Del. Marie March is taking to social media to blame judges and attorneys for the loss of court

After Del. Wren Williams was found not guilty, Del. For deliberately poking Marie March, she took to social media to blame the justice system for her defeat in court on Wednesday.

March, R-Floyd, twice declined to comment to the news media on Wednesday, except to say she was greatly disappointed after a judge ruled March’s attorneys had failed to willfully blame Williams, R-Patrick to prove it when political opponents clashed in a crowded Wytheville convention hall.

“March brought these indictments as a political hit job from the start,” Williams said in a written statement Wednesday. “I am grateful that March’s claims have been proven false in court, allowing this controversy to be officially settled.”

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But about two hours after the decision, March commented on her political Facebook page about doubts about the legitimacy of the two-and-a-half hour trial, in which March was represented by the Wythe County Commonwealth Law Office.

“We had 8 other additional eyewitnesses who wanted to testify about what they saw that evening,” March wrote. “The Commonwealth Attorney’s Office did not subpoena these witnesses after the judge repeatedly raised objections from the defense.”

The Wythe County Commonwealth Attorney’s Office did not respond to a request for comment Thursday.

“Judges are appointed by politicians and the swamp runs deep folks,” March wrote. “Our country is in a sad state.”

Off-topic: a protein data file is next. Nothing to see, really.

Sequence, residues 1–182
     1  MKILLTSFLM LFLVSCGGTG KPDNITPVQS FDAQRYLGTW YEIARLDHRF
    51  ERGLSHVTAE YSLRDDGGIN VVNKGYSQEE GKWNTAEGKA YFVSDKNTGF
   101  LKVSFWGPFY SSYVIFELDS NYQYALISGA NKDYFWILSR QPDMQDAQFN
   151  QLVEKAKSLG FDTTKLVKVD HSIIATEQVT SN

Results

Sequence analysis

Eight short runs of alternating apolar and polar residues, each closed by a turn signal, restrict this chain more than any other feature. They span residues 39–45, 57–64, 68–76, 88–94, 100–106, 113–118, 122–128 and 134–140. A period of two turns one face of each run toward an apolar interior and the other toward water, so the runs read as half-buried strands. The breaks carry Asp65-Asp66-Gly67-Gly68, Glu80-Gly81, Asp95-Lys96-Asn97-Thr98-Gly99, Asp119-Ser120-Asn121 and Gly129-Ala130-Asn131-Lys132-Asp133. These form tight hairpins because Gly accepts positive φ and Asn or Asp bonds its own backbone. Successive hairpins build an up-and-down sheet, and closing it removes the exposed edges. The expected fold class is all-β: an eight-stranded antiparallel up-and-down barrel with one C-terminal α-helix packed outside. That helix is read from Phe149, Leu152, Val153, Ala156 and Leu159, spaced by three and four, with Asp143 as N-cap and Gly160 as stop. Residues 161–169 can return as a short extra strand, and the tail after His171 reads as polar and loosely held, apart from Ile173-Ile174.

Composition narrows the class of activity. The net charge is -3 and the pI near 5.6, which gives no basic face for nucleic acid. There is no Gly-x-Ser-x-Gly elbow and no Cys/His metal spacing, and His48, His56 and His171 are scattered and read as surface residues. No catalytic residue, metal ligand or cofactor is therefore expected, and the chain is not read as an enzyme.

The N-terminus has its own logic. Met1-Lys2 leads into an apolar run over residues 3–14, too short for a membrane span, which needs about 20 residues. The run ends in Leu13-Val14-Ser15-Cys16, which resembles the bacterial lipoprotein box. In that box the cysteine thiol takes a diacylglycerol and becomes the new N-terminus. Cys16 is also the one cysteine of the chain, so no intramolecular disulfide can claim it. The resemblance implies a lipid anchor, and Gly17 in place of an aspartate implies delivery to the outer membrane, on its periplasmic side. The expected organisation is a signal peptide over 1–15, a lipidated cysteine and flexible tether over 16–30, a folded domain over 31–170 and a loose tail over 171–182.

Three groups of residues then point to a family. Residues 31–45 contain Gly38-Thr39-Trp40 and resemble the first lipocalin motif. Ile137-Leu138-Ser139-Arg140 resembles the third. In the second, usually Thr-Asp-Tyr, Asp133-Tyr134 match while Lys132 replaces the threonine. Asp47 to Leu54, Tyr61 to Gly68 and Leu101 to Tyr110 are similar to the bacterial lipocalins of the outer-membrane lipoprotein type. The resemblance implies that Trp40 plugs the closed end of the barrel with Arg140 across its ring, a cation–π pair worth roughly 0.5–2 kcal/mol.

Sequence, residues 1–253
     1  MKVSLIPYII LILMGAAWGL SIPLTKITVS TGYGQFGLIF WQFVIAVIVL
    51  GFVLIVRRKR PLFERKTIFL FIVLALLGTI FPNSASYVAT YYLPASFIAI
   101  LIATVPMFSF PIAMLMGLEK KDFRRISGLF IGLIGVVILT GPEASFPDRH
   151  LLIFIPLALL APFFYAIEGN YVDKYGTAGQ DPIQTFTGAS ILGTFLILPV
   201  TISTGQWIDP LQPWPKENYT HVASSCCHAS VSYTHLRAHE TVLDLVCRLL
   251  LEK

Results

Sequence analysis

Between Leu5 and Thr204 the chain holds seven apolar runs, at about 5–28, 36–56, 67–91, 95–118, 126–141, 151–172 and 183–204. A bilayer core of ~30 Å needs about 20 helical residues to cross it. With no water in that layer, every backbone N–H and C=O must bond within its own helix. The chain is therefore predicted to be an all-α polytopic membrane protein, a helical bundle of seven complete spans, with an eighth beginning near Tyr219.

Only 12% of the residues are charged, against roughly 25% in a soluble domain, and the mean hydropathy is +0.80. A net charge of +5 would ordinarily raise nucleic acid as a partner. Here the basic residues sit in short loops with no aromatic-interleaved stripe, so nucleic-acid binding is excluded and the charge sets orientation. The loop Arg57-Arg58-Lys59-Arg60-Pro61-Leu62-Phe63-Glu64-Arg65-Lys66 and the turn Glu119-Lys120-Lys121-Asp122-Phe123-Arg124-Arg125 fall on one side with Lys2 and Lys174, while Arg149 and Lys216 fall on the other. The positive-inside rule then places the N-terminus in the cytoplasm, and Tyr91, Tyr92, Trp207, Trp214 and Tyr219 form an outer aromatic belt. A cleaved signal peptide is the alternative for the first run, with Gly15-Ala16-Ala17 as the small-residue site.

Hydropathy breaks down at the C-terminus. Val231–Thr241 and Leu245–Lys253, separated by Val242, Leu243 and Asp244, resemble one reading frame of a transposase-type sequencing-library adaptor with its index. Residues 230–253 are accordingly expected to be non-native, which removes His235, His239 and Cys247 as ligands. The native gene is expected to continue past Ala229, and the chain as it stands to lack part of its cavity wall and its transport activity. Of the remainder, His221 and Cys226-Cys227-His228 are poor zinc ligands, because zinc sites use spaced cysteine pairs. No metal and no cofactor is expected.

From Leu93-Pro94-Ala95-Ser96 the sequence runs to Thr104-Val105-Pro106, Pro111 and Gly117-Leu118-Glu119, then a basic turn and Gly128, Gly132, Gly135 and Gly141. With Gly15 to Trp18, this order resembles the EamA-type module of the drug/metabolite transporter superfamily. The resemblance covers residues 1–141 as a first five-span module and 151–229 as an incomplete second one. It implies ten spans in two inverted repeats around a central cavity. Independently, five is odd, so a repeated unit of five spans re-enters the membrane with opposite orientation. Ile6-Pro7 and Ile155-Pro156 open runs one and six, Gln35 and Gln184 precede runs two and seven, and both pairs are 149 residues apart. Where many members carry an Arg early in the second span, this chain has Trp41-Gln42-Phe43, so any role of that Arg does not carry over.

All Wythe County judges were barred from hearing the case because it involved two sitting delegates. Judges are appointed by the state legislature.

Retired Alexandrian judge Becky Moore presided over the hearing.

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“March has a pattern of using the criminal justice system to target people who stand in its way,” Williams wrote Wednesday. “It was a desperate move and it’s clear March has gotten out of hand.”

About a month before Wednesday’s court hearing, March lost another lawsuit when a special prosecutor said there was no evidence the city government conspired to harm an embattled company it owns in Pulaski County.

Pulaski County officials previously said they just wanted March to get proper approval for The Big Red Barn venue, which was previously put up for sale, though that listing is no longer online. Thursday’s ownership records show that the land at 4241 Lee Highway has not changed hands.

Both Williams and March are entering the second year of their first term in the Virginia General Assembly, but only one can remain. Both were moved to the same legislative district by the Virginia Supreme Court last year.

The pair will face off again in June, this time in the Republican primary in the newly drawn Virginia House District 47.